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New York Department of Financial Services implements cybersecurity regulation

July 2017

Cybersecurity themeThe New York Department of Financial Services has implemented a cybersecurity regulation whose first compliance deadline is August 28, 2017. The New York rule is quite a bit more detailed than recent Colorado and Vermont rules, requiring the appointment of a Chief Information Security Officer (CISO) and at least biannual vulnerability assessments.

The New York Department of Financial Services is not the securities regulator in New York. So broker-dealers or investment advisers are only obligated to comply with the law if they or an affiliated company are required to register under the New York banking or insurance laws. The rule also contains certain exemptions, such as for companies with fewer than 10 employees.

The core of the cybersecurity rule consists of three requirements: firms must have a cybersecurity program, must maintain cybersecurity policies, and must conduct periodic risk assessments. The cybersecurity program must be based on the risk assessment and be designed to perform the following core functions:

  • assess internal and external risks that may threaten the security or integrity of nonpublic information stored on the firm’s technology systems;
  • use defensive infrastructure and policies to protect the firm’s technology systems, and the nonpublic information stored there, from unauthorized access, use or other malicious acts;
  • detect any attempt to gain unauthorized access to, disrupt or misuse the firm’s technology systems or information stored on such systems (cybersecurity events);
  • respond to cybersecurity events to mitigate negative effects;
  • recover from cybersecurity events and restore normal operations and services; and
  • fulfill regulatory reporting obligations.

The cybersecurity policies must be approved by the senior executive overseeing the firm’s information security or the company’s board. The cybersecurity policy shall be based on the firm’s risk assessment and address whichever of the following areas apply:

  • information security;
  • data governance and classification;
  • asset inventory and device management;
  • access controls and identity management;
  • business continuity and disaster recovery planning and resources;
  • systems operations and availability concerns;
  • systems and network security;
  • systems and network monitoring;
  • systems and application development and quality assurance;
  • physical security and environmental controls;
  • customer data privacy;
  • vendor management;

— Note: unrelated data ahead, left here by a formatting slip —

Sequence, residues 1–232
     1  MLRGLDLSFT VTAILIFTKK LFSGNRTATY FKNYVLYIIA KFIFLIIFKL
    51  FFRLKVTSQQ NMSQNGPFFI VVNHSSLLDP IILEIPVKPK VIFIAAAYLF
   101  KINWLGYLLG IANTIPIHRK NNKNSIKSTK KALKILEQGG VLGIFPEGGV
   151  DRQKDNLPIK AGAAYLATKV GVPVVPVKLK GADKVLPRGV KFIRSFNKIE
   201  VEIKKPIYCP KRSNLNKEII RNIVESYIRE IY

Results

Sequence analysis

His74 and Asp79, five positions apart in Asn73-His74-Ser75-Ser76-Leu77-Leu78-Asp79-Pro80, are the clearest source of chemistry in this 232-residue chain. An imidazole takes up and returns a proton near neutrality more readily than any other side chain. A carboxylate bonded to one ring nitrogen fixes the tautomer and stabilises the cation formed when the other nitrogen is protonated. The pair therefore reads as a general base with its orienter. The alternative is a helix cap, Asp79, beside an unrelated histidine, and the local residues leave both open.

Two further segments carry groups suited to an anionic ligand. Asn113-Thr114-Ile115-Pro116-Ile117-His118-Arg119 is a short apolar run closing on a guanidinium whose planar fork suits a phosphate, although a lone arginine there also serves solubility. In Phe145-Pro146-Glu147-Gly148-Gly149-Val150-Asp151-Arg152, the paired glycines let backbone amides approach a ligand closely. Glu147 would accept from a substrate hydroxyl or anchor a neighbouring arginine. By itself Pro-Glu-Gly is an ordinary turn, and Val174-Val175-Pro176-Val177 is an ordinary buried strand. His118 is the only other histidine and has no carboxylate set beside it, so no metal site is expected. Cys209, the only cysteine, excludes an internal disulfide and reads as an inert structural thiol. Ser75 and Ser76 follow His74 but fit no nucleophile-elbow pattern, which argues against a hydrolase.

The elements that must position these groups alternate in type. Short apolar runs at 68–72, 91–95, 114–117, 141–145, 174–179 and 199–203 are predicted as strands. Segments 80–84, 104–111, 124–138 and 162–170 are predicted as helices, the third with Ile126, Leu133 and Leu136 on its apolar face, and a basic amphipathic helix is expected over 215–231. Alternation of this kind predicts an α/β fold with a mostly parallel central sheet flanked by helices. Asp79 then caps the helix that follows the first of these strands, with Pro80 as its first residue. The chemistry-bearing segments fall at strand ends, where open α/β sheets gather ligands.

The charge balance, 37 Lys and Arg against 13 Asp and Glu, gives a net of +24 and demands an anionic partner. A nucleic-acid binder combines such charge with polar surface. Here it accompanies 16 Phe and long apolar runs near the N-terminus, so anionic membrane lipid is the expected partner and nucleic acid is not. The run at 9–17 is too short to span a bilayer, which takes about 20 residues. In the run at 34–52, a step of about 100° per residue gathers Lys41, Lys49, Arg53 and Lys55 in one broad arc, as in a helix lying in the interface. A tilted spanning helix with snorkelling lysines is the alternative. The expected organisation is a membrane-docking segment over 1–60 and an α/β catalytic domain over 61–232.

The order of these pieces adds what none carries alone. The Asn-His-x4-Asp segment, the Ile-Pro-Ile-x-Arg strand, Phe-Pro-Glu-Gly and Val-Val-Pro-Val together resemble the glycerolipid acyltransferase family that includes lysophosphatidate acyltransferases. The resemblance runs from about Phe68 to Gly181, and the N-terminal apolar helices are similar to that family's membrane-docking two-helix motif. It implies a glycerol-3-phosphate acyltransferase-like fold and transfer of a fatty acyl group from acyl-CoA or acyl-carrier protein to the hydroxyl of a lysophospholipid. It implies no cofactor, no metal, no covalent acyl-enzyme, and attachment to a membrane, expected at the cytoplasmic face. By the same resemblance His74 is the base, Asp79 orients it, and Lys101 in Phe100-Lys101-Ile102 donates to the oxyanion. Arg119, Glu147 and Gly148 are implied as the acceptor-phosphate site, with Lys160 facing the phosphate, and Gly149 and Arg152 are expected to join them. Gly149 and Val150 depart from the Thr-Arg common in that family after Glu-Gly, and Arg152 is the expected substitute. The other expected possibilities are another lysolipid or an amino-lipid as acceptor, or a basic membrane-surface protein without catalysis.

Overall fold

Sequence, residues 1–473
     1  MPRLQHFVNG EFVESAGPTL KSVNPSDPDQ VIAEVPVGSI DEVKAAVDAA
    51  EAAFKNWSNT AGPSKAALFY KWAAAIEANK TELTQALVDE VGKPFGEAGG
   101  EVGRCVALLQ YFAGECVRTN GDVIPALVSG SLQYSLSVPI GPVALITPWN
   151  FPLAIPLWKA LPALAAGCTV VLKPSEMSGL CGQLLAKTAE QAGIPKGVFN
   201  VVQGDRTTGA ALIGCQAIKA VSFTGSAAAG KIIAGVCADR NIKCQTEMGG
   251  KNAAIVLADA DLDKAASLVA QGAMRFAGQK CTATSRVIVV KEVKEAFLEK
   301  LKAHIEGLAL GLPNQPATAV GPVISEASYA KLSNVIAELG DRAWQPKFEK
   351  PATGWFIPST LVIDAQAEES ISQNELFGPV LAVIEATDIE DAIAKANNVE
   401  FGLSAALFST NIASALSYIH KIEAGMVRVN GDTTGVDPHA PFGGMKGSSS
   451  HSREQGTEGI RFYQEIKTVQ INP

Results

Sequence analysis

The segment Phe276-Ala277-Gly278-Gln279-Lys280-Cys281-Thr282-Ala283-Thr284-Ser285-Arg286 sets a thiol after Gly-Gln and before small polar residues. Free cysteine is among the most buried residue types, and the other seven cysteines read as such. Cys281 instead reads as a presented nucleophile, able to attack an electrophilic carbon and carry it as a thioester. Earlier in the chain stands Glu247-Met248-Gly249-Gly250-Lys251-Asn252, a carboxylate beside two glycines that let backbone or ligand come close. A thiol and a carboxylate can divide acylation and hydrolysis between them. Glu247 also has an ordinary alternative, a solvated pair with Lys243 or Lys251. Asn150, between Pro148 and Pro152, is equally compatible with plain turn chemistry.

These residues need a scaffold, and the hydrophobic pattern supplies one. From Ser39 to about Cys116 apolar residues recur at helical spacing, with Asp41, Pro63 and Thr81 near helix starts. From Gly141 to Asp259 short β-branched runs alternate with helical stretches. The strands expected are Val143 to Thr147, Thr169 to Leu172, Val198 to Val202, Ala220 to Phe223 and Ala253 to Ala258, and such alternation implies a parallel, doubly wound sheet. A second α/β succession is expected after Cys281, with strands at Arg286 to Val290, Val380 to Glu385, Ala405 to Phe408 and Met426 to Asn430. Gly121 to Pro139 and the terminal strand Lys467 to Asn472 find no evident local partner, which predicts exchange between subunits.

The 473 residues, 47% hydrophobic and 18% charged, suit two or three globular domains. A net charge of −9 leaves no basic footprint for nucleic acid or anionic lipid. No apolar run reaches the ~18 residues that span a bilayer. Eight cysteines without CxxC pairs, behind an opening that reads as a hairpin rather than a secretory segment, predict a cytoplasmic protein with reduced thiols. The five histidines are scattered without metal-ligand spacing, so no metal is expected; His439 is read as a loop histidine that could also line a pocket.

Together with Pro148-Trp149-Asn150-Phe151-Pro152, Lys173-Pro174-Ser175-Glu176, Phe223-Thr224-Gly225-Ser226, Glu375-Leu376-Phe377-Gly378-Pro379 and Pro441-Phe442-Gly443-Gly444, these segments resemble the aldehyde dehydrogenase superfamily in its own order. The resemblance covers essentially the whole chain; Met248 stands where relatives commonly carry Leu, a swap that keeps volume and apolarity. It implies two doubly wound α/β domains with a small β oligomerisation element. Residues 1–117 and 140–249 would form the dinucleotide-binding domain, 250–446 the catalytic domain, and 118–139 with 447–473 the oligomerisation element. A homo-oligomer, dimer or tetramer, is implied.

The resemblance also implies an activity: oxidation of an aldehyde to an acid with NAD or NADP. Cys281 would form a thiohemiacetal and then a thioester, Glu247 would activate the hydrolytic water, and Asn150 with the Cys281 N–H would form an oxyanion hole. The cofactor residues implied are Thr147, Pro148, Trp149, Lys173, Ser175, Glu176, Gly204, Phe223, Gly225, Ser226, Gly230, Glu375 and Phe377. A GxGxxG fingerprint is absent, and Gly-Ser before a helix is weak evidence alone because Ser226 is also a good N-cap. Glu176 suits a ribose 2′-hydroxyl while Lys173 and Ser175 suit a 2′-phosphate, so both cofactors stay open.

• risk assessment; and
  • incident response.

The risk assessment must consider the particular risks of the firm’s business operations, the nonpublic information it collects, and the effectiveness of its technology systems. It must be carried out in accordance with written policies and procedures and documented. The policies must include criteria for evaluating and categorizing risks facing the firm; criteria for assessing “the confidentiality, integrity, security and availability” of the firm’s technology systems and nonpublic information; and a description of how the cybersecurity program will address the risks.

The rule includes a variety of other specific requirements designed to ensure that the cybersecurity programs are much more than a written set of policies that sit on a shelf. For example, in terms of governance, the rule requires the appointment of a Chief Information Security Officer (CISO) to oversee and implement the program (although the CISO can work at an affiliate or a third-party service provider) as well as a requirement that the CISO must report to the board or senior executive responsible for the cybersecurity program at least annually.

The rule includes other specific requirements. Some, such as a requirement to limit user access privileges and periodically review such privileges, are a natural part of any effective cybersecurity program. Others are more specific. For example, if a firm does not implement “effective continuous monitoring” of its cybersecurity program, it must at least conduct annual penetration testing and biannual vulnerability assessments. Audit trails have to be kept for a certain period of time (that depend upon what was being audited). The rule requires certain notices to the New York Superintendent of Financial Services, including notification of certain cybersecurity events within 72 hours.

The rule initially became effective March 1, but there is a transitional period of between 180 days and two years before firms are required to be in compliance with the various parts of the rule. The main transitional period ends Aug. 28, although the transitional period related to risk assessments and penetration testing ends March 1, 2018.

The Division of Financial Services also recently released an FAQ that addresses 18 questions, such as when an unsuccessful attack constitutes a cybersecurity event under the rule and what constitutes “continuous monitoring.”

In short, the rule is extremely detailed. Even the existence of an excellent cybersecurity program will not save a firm from having to engage with the rule and its many specific requirements. Counsel can help firms understand their obligations and design their programs. If you have questions about the changes or how best to comply, please contact the attorneys in Greensfelder’s Securities & Financial Services group.